TCU coach Gary Patterson strode onto the field during pregame warmups two years ago wearing short sleeves despite the 17-degree weather.
The Horned Frogs were at Air Force when the temperature dropped under 10 degrees in the second half and most of the game was played in freezing rain.
An ominous "frozen fog" loomed over the field in the second half. Patterson was trying to boldly illustrate a point to his players before kickoff.
"I went outside in short sleeves and slid on the ice," he said. "If I'm going to act like it's too cold, then they're going to act the same way."
Although forecasts call for a 60 percent chance of precipitation today at Wyoming's War Memorial Stadium with a high of 38 degrees, it will likely pale in comparison to that day in Colorado Springs, Colo., which set a record low for the date.
That same year TCU played a November game at Wyoming when bad weather never materialized, and the Frogs enjoyed a sunny 45-10 rout.
TCU (6-2, 3-0 in Mountain West) faces a much better team today, though. The Cowboys (5-2, 2-0) are in the league title hunt after a 30-27 victory at San Diego State last week.
"I'm from Kansas; I played in snow my whole life and I didn't consider it bad weather, it was just different," Patterson said. "It's just a way of life up there. They're practicing in it every day."
Patterson during the week downplayed today's potential inclement weather, saying repeatedly that only losers talked about the weather.
TCU has had no problem beating the elements, along with the competition, in recent years. The Frogs won at Clemson despite playing in a steady second-half downpour in 2009 and then won 20-17 at Air Force in the freezing rain.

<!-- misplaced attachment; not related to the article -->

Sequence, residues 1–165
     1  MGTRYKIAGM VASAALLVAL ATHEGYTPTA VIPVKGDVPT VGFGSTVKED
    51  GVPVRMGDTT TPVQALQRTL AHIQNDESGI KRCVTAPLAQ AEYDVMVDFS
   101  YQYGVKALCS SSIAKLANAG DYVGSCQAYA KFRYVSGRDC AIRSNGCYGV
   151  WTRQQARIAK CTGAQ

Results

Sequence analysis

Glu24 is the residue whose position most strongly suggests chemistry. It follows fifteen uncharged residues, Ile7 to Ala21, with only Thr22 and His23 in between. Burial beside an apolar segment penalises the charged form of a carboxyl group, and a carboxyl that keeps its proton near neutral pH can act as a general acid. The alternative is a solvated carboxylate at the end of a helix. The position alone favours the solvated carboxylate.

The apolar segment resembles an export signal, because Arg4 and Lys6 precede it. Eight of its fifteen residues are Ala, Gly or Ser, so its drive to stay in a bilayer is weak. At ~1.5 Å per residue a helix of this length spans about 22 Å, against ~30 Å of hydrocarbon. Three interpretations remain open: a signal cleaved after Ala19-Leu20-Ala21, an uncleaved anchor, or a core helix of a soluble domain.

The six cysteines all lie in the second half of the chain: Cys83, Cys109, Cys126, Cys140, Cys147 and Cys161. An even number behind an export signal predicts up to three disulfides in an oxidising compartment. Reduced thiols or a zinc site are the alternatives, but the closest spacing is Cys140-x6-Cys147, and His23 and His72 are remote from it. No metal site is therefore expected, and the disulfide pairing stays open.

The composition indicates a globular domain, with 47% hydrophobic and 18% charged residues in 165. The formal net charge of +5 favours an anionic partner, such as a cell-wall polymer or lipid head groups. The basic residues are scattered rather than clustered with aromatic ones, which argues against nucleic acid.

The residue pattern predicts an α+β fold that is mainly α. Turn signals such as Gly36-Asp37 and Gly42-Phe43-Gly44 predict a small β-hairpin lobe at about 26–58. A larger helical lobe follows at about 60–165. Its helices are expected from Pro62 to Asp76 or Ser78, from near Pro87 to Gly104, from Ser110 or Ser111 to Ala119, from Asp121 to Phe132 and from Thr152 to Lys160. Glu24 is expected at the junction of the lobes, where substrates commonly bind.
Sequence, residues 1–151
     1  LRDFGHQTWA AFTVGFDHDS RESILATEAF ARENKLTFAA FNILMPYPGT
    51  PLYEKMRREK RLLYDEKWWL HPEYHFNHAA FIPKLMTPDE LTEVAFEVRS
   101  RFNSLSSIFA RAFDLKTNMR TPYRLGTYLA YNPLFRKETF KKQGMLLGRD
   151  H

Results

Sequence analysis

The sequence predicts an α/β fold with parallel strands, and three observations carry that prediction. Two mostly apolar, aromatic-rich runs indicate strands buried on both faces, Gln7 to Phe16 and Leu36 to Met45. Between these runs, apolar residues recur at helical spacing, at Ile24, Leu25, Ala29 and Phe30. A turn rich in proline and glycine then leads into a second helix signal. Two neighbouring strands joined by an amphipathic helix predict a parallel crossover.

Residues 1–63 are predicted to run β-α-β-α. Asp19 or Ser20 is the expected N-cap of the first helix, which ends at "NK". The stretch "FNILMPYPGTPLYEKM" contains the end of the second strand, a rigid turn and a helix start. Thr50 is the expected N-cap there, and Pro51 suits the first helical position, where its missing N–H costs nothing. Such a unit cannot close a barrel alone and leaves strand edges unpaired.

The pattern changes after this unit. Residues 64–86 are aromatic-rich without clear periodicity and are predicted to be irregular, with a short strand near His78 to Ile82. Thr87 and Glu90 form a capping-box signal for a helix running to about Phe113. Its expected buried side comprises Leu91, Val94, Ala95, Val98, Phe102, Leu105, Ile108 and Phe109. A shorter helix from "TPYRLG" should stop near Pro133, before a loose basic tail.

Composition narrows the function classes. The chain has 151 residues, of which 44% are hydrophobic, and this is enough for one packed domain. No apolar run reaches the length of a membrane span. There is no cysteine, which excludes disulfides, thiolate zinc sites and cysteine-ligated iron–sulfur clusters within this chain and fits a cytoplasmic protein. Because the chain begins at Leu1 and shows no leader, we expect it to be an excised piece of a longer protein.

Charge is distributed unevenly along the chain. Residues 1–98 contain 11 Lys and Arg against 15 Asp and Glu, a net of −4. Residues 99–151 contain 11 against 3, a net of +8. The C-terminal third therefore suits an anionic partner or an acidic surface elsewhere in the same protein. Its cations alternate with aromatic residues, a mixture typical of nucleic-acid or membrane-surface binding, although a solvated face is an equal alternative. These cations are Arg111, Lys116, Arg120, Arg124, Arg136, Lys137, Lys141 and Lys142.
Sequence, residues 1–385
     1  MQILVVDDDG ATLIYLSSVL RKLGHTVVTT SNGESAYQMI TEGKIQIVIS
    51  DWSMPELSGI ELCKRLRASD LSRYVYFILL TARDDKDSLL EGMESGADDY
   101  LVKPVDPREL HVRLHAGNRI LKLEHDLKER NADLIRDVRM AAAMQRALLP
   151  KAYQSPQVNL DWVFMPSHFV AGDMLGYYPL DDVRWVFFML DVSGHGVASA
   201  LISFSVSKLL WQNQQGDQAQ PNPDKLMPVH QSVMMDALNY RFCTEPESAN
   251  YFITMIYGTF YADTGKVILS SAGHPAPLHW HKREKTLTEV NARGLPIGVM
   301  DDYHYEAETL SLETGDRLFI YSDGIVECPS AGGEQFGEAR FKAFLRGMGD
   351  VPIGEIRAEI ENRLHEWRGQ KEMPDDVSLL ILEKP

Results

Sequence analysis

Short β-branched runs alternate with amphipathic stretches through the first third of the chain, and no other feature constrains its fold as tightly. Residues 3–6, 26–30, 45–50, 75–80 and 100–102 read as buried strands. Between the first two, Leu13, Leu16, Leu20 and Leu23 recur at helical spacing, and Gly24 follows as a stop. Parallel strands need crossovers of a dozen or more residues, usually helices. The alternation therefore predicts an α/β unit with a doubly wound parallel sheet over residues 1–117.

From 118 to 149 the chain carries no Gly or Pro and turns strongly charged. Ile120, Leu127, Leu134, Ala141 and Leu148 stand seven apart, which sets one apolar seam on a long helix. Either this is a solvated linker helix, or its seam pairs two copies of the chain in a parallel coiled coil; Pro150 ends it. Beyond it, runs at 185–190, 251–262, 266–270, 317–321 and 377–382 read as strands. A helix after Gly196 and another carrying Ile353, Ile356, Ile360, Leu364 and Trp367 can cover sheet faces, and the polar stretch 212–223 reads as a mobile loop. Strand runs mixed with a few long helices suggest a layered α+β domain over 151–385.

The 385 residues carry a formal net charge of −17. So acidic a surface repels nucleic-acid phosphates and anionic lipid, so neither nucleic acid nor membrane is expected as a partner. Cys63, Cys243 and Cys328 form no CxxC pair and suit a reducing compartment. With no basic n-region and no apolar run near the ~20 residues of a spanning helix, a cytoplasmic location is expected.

But those teams were veteran groups with proven leaders, such as Andy Dalton, Daryl Washington and Tejay Johnson. Weather wasn't going to distract them from the task at hand.
The team's leaders have similar "whatever" attitudes toward playing in bad weather, a view Patterson, no doubt, has cultivated.
"It's something we don't get to do a lot," said offensive lineman Jeff Olson, who grew up playing in the snow in Columbus, Ohio. "I'm kind of ready to get up there in a little different atmosphere. It's going to be fun. A couple of the skinny guys are probably dreading it and probably throwing in a couple extra pair of long sleeves, but we're ready to get after a really good opponent."
Olson was a young reserve at Air Force in '09, mostly watching from the sideline. That's probably tougher physically than playing every play and working up body heat.
"I remember trying to get as close to that heater as possible and wrapping up in that big jacket," Olson said. "It was just bitter cold to the core."
After the game, which ended in dense fog, making the night look even darker, the team waited two hours for its charter jet to be de-iced.
Patterson pointed out that a number of his players took advantage of the snow when Fort Worth was hit with a storm last winter.
"They closed campus, but they didn't stay inside. They were sledding down hills and out in the middle of it. It's kind of a novelty for us," Patterson said. "A Texas kid has never played in the snow."
Besides, Patterson reminded during his Tuesday media luncheon, nothing could be worse than the Air Force game.
"Unless the wind is blowing 60 miles an hour, then it's a big deal, and it could be up there," he said. "But it could not be any worse than it was at Air Force, I promise you that. Our camera in the end zone froze because it was sleeting side ways.
"But you know what, I'm kind of excited about it. I haven't been in the snow yet this year."